You probably know what a budget is, even if you don’t stick to one. The term “financial plan” might be a bit more confusing, because most people have never actually seen one. This article aims to define both things and to show you how they can work together to make your life better.
Financial planning explained
The goal of a financial plan is to align your financial activities with your goals. The main goal that pretty much everyone has is to maintain their lifestyle into the future.
You can think of this as maintaining the same type of home, vacations, restaurants, hobbies, and other things that you enjoy both while you work and when you retire. That’s a pretty big goal, so your financial plan needs to account for several things. Here are the big three:
Not all debt is bad. In fact, money you borrow to purchase a home is almost always good. The trick is to understand the difference between good and bad debt, to avoid pitfalls, and to structure things so that you don’t spend more than you need to.
A classic example is having mortgage payments and credit card payments at the same time. Your mortgage interest rate should be in the low single digits, while your credit card interest rate is probably 20% or more. Often, in a situation like this, it makes sense to use your mortgage to pay off your credit card and trigger instant savings.
A good financial plan will also look at the choices you’ve made with your mortgage – issues like fixed versus variable rate, the potential for breakage fees, and how fast you are planning to pay it off.
Optimizing these borrowing decisions has the potential to put more cash in your pocket on a month-to-month basis, and save you hundreds of thousands of dollars over your lifetime.
Investing might be the most commonly recognized part of a financial plan. Indeed, it is the foundation of your plan, and essential to creating a retirement nest egg.
What should you invest in? Broadly speaking, the answer is stocks and bonds, which have generated growth for centuries. However, rather than trying to pick individual stocks and bonds, or paying someone to try to do that for you, a large body of research has shown that “indexing” produces better long-term results. Indexing means simply mirroring the performance of the overall market as represented by a major index like the S&P 500 in the U.S. or the S&P TSX in Canada.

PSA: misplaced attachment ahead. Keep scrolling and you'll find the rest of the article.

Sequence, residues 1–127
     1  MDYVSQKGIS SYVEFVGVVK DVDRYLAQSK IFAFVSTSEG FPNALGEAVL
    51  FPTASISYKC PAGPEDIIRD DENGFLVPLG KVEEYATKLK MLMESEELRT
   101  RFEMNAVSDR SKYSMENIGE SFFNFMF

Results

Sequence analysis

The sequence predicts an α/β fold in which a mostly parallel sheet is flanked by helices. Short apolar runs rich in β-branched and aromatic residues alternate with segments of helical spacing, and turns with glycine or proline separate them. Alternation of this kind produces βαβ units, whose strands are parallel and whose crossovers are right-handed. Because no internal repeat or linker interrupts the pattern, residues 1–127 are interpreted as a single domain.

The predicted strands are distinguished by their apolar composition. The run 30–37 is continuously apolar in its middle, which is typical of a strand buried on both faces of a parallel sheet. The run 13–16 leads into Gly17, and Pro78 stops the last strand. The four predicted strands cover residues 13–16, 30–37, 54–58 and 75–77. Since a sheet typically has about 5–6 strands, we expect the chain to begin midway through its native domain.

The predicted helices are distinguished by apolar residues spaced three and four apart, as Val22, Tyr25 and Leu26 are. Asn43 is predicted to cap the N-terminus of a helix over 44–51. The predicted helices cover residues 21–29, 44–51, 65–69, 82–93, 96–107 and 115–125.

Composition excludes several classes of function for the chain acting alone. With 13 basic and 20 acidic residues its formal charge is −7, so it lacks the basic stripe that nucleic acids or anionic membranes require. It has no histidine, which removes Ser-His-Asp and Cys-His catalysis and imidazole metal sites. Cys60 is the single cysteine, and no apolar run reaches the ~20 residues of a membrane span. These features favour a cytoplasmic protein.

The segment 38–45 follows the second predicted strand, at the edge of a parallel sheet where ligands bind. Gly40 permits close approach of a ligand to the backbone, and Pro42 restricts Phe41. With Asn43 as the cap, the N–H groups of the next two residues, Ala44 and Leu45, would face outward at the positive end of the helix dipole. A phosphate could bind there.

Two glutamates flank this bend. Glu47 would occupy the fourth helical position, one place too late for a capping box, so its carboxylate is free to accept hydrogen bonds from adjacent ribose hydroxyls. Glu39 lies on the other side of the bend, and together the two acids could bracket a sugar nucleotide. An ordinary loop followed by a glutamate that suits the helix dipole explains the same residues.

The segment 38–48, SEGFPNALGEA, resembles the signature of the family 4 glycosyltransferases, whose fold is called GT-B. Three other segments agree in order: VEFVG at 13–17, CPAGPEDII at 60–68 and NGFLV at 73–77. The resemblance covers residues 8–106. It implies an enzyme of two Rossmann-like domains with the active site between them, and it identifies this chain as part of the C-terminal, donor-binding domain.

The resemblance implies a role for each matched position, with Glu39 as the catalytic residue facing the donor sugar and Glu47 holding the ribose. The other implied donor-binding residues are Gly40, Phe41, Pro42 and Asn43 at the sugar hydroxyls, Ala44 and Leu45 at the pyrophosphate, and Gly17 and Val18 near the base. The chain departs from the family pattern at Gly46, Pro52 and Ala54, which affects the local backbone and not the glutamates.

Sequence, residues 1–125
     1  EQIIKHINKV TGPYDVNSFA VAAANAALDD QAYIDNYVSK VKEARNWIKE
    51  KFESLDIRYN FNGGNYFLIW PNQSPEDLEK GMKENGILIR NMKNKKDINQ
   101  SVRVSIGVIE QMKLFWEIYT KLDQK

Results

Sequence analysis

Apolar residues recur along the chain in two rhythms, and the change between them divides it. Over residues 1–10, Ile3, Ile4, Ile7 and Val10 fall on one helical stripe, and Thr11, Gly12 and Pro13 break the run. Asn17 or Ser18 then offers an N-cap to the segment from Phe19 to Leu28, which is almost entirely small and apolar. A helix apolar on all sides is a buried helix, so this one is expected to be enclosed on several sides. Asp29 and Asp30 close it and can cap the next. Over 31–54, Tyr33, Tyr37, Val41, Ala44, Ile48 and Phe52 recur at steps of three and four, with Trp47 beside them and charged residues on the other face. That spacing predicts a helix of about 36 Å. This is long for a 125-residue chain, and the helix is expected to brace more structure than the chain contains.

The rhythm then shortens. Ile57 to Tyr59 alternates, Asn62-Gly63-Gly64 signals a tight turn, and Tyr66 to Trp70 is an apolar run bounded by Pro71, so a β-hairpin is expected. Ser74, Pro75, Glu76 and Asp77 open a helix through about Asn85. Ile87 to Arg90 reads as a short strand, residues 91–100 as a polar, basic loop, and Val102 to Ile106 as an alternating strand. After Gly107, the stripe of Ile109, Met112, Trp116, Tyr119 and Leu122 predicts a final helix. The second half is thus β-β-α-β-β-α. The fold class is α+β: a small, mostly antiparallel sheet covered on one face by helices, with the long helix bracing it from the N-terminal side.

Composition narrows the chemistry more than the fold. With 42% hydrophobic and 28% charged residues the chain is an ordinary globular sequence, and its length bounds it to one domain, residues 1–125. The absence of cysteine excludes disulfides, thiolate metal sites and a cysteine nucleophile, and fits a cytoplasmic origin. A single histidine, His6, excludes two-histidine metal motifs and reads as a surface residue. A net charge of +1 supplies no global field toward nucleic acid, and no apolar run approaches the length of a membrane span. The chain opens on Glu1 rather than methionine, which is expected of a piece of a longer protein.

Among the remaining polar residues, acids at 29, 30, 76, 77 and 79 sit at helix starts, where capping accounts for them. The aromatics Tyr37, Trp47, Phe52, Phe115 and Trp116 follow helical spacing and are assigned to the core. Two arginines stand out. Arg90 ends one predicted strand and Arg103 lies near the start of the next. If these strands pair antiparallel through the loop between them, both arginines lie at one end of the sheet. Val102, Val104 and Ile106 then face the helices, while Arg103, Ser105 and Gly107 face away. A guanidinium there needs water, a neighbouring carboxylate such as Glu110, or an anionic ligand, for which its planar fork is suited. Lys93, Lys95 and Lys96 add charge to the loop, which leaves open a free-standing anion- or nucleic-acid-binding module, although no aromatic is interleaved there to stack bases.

Not only does indexing tend to perform just as well or better than any mutual fund or stockbroker, it comes with a major advantage: it’s cheap. In fact, the money you save in fees almost guarantees that you’ll do better than other alternatives over time. If you have mutual funds that you got from a bank or financial advisor, fees could literally take half your life savings with you barely even noticing, because they’re skimmed off the top before your returns are calculated.
Aside from fees, the other potential wealth killer is taxes. A solid financial plan will tell you how much to invest in various tax-sheltered accounts like RRSPs, TFSAs and RESPs to help you hit your goals with more money in your pocket.
A good financial plan will reduce your stress, and that’s good for your health. But we’re still stuck facing a hard fact of life: At some point, almost every household will experience an accident, illness or even a death. When it happens, the insurance component of your plan is there to make sure that a health crisis doesn’t also become a financial crisis.
Remember that the ultimate goal of your plan is to maintain a consistent lifestyle both now and in the future. Insurance can cover the bills for as long as you need to still reach that goal.
There are three types of insurance that can act as a safety net for your plan. Critical illness insurance can provide a tax-free lump sum for drugs, treatments, and other expenses that aren’t covered by government plans if you become seriously ill. Disability insurance can replace your monthly pay cheque if an accident or illness takes you away from work. Finally, term life insurance can support the loved ones who rely on you if you are ever unable to provide for them.
Where your budget fits in
Your budget is part of your financial plan, and you can look at it from two angles.
On one hand, there’s what you want to spend on enjoying life. That’s the housing, travel, food, and hobbies your plan is trying to protect and sustain over the long run.
On the other hand is how much you can afford to put towards your plan – the debt payments, investment contributions, and insurance premiums that make it all possible.
This is where you start getting into a classic financial trade-off: do you choose the joy of $4 lattes right now or the joy of retiring a few years sooner?
There’s no right or wrong answer here. A financial plan is like a crystal ball that can show you where your budget is likely going to take you so you can make the best decisions. For example, if the lattes are flowing fast and furious but you’re not saving very much money, your plan will let you know if that means retiring at 80.
Life is a balance. You want to have fun and you also want to be responsible. You want to enjoy the here and now and you want to know the future will also be good. Our advice? Make a budget, build a plan, and march forward with your eyes wide open.